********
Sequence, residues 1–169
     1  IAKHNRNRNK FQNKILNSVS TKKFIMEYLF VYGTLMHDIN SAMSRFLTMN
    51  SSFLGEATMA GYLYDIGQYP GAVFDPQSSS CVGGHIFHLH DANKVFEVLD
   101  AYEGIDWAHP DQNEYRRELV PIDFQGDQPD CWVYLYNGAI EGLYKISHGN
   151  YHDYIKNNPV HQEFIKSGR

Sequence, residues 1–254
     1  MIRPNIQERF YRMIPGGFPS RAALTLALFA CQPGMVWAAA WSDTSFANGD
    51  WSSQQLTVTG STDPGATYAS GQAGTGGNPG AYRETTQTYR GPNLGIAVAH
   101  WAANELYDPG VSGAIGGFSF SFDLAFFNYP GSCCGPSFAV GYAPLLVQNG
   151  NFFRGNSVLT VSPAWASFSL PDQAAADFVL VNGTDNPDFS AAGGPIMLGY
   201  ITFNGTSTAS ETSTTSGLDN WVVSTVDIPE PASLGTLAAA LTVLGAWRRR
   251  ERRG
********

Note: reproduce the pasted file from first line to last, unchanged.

Sequence, residues 1–169
     1  IAKHNRNRNK FQNKILNSVS TKKFIMEYLF VYGTLMHDIN SAMSRFLTMN
    51  SSFLGEATMA GYLYDIGQYP GAVFDPQSSS CVGGHIFHLH DANKVFEVLD
   101  AYEGIDWAHP DQNEYRRELV PIDFQGDQPD CWVYLYNGAI EGLYKISHGN
   151  YHDYIKNNPV HQEFIKSGR

Sequence, residues 1–254
     1  MIRPNIQERF YRMIPGGFPS RAALTLALFA CQPGMVWAAA WSDTSFANGD
    51  WSSQQLTVTG STDPGATYAS GQAGTGGNPG AYRETTQTYR GPNLGIAVAH
   101  WAANELYDPG VSGAIGGFSF SFDLAFFNYP GSCCGPSFAV GYAPLLVQNG
   151  NFFRGNSVLT VSPAWASFSL PDQAAADFVL VNGTDNPDFS AAGGPIMLGY
   201  ITFNGTSTAS ETSTTSGLDN WVVSTVDIPE PASLGTLAAA LTVLGAWRRR
   251  ERRG